Farmers around the plant in Hirakud had repeatedly complained of heavy crop loss which now has been linked to plant emissions
OSPCB probe team found fugitive release of fluoride from the pots of the Hindalco plant (Photos: Sudeep Kumar Guru)
The report of a team of the Odisha State Pollution Control Board (OSPCB), which probed complaints of farmers against the smelter plant of the Hindalco Industries Limited in Hirakud, has indicted the company for failing safeguard farms in adjoining villages. Farmers had complained of heavy crop losses caused by toxic fluoride gas emission from the plant. The report submitted to the divisional commissioner of Sambalpur on Monday recommended several measures to the plant managers to curb harmful emissions.
Farmers surrounding the Hindalco plant had repeatedly complained of damage to crops because of toxic emissions from the industry. The farmers of peripheral villages, including Mohammadpur and Nuajamuda, had recently complained that around 80 hectares (ha) of standing crops were damaged because of toxic emissions from the industry after Phailin-induced rain on October 12 and 13. After the complaint of the farmers, the district administration of Sambalpur had written to the OSPCB for a permanent solution of the problem. Subsequently, a three member team of OSPCB had visited the plant and surrounding villages to suggest absolute
remedial measures to stop recurrence of the crop damage.
In their most recent complaint, farmers said around 80 hectares (ha) of standing crops were damaged because of toxic emissions from the industry after Phailin-induced rains on October 12 and 13
Environmental Engineer of OSPCB, Dilip Das, who led the three-member team, confirmed that the crop damage was caused by fluoride emission from the industry. “Fugitive release of fluoride from the pots of the industry was found during the visit. We have already submitted the report in this regard. It has been recommended in the report to close the pot door in time to check crop damage,” he said. Apart from disciplined operation of the doors of the pots, the team also made several other recommendations for the industry in its report. It has recommended ensuring continuous operation of online monitoring system and data transfer to SPCB server through GPRS. It has also recommended steps to display the fluoride data electronically near the main gate for reference of public, explore automation in the pot door closing mechanism and implement the same in all pots to ensure minimum door opening and higher hooding efficiency and take steps for plantation inside the smelter plant.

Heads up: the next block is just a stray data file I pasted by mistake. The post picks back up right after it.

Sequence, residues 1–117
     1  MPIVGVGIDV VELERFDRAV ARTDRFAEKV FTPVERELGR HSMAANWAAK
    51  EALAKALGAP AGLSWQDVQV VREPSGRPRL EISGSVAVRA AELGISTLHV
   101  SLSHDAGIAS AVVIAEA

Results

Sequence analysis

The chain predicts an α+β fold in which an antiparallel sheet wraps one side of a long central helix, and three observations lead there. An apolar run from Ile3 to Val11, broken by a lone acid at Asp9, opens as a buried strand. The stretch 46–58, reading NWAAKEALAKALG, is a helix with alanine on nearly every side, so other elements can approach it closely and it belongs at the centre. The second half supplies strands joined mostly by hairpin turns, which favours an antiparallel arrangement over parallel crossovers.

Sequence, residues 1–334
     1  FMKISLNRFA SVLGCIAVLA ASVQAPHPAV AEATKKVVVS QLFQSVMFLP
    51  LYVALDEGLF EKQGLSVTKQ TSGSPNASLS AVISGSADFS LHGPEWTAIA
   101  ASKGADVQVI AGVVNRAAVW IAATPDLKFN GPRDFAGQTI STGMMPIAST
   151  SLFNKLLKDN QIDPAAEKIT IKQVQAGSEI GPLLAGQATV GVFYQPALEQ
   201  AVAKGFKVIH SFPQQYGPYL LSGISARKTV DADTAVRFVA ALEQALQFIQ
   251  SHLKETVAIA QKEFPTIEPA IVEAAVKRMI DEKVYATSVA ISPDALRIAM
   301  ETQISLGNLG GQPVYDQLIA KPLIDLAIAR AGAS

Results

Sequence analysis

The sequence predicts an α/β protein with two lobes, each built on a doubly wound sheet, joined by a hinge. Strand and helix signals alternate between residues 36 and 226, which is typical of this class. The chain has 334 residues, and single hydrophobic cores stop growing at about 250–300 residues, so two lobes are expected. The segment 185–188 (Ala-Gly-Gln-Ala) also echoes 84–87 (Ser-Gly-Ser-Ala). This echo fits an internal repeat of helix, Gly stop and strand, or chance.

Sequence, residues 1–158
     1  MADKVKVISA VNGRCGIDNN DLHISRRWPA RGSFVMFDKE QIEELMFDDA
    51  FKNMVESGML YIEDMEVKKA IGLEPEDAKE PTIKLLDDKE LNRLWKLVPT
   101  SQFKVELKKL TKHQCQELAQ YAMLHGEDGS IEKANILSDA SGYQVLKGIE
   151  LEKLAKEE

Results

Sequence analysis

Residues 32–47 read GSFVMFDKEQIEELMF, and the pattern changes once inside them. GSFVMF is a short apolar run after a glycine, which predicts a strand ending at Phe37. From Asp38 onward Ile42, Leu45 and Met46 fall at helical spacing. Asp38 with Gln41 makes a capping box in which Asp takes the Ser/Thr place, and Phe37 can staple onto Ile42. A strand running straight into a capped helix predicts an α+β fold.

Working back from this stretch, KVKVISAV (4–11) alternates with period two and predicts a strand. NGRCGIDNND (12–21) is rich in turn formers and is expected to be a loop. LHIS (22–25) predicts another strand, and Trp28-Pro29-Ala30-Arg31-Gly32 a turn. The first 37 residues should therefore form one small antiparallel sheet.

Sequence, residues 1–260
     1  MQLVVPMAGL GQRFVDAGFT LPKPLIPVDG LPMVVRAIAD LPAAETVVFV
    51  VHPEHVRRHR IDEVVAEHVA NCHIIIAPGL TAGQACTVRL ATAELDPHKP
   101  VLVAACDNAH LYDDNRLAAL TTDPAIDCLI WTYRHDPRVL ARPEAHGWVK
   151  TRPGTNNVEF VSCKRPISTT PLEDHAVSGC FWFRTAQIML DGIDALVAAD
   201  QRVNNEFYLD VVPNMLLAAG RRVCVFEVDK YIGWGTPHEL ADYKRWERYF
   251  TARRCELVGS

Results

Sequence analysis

“Crop damages have occurred mostly during drizzling rain and stormy weather in past few years. Therefore, the industry should prepare strategic plans for such conditions and reduce the operational load, including stoppage of production, if needed, to prevent release of fluoride in such adverse weather conditions,” says the OSPCB report. Earlier, the team had collected soil samples from the land of famers for test and attributed the crop loss to high flouride content in the soil. This was the fifth time that the farmers complained of crop damage because of toxic emissions from the industry. Prior to this, crop damage was reported on July 21 last year, September 11 in 2011, in 2003 and 2008.